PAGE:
Dying for help
With Yeates Conwell, MD


In America today, men are at three to four times greater risk for suicide than women. That disparity becomes even more pronounced when you consider our aging population, with people living longer and often with chronic illnesses.

Recent statistics tell the story: In 2003, 25,203 men died by suicide, comprising 80 percent of suicide deaths in our nation that year. Incredibly, this is nearly twice the number of men who died by homicide.

What is it about being male that places us at risk to die by our own hand? This special issue of Advancing Suicide Prevention® considers characteristics that make males vulnerable to suicide, and more so as they age: Underdiagnosis and undertreatment of depression and other mental illnesses; addictions, including excessive alcohol, drugs, gambling or other destructive behaviors; a lack of confiding relationships and inability to ask for help; isolation and loneliness; and ready access to firearms in men across the lifespan.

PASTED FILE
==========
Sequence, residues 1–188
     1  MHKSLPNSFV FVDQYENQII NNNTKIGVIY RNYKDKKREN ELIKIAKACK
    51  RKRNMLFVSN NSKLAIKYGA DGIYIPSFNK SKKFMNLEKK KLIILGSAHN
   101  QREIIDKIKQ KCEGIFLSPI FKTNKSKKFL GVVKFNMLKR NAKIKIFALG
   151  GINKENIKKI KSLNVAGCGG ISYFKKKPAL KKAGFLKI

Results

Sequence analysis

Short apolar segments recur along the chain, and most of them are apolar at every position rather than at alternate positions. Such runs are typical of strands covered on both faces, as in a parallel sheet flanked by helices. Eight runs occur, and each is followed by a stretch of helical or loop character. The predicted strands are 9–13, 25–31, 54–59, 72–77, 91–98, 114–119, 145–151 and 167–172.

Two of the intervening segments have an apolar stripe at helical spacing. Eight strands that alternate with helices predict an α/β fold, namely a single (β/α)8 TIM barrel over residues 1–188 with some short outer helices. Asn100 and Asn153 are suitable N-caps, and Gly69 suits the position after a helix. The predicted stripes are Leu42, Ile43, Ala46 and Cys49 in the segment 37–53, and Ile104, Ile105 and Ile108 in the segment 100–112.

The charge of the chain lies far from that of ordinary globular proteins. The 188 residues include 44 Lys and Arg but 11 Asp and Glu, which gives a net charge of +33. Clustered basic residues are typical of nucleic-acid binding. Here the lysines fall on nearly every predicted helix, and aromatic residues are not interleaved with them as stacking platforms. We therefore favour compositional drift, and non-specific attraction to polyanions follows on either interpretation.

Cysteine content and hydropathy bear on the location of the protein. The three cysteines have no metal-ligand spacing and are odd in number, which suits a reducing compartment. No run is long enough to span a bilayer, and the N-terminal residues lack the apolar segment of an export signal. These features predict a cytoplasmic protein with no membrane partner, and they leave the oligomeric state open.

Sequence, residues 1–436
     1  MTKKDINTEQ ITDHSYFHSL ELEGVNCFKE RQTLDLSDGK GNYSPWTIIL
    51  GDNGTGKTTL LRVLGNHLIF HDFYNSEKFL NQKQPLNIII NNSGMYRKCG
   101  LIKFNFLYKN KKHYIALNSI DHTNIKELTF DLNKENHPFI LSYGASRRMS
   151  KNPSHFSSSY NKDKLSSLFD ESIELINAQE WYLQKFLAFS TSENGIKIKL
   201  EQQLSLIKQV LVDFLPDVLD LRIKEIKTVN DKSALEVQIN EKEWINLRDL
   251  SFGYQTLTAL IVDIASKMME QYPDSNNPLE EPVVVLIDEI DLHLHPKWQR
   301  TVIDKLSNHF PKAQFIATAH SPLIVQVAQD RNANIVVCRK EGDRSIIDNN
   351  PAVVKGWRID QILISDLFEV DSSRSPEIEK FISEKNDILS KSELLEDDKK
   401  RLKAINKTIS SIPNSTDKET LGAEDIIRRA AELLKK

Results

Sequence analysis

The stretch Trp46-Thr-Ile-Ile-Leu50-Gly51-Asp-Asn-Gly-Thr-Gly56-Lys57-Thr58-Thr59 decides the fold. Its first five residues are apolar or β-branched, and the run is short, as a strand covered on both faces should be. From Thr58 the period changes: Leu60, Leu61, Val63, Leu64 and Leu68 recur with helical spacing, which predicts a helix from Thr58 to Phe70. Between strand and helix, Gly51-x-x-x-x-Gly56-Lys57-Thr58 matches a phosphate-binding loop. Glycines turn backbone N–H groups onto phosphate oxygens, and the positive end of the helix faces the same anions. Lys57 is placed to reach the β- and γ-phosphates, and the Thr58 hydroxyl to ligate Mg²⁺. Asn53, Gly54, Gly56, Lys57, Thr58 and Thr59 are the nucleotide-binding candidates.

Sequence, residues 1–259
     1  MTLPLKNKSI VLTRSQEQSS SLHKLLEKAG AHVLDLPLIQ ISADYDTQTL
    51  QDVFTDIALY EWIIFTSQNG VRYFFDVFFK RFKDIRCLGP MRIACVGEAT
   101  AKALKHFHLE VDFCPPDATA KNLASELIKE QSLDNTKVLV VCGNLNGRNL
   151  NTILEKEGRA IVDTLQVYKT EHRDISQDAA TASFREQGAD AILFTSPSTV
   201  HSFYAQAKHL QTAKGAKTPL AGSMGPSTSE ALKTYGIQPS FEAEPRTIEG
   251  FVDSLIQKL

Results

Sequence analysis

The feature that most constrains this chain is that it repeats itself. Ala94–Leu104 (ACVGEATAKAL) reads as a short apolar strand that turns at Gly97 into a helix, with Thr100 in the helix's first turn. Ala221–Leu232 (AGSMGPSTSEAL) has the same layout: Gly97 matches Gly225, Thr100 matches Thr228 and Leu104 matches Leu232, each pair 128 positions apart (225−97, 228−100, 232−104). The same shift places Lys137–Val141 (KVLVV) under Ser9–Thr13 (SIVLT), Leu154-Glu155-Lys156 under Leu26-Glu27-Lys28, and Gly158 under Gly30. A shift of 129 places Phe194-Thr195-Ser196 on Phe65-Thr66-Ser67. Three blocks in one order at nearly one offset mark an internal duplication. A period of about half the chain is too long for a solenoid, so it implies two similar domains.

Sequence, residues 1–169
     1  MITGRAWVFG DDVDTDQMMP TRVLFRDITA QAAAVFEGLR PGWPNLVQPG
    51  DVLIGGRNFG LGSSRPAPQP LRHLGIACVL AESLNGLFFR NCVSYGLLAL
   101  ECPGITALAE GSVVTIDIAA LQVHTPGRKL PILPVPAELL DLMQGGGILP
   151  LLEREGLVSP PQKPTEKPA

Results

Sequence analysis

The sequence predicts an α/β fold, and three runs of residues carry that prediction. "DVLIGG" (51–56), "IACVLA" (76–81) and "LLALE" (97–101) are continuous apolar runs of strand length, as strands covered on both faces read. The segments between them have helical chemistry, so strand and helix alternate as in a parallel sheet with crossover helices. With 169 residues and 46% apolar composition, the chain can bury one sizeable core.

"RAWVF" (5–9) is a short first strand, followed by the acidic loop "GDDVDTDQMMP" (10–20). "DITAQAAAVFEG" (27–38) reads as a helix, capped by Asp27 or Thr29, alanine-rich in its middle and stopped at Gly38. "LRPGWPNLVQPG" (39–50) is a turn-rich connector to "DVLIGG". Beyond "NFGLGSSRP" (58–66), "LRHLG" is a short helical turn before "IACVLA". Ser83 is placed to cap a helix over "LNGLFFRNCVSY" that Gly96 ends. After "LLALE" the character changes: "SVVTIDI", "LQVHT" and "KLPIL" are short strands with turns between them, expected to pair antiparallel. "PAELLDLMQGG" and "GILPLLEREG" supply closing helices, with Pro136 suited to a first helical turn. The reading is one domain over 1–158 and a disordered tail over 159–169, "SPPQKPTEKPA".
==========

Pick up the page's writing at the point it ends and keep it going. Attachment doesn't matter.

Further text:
Prevention efforts that are effective must address those in the general population most at risk - men across the lifespan. Key groups include those age 65 and older, and men in their middle years, ages 25-54. Whereas older men have the highest rates for suicide of any group, suicide in younger and middle-aged men has by far the greatest societal burden in terms of potential years of life lost or potential earnings lost.

Only by recognizing the role that men play in the 30,000-plus suicides in our country each year, and developing effective interventions, can we hope to curb the tragic tide of violent, premature death in our nation by suicide.

Yeates Conwell, MD
Professor of Psychiatry
University of Rochester Medical School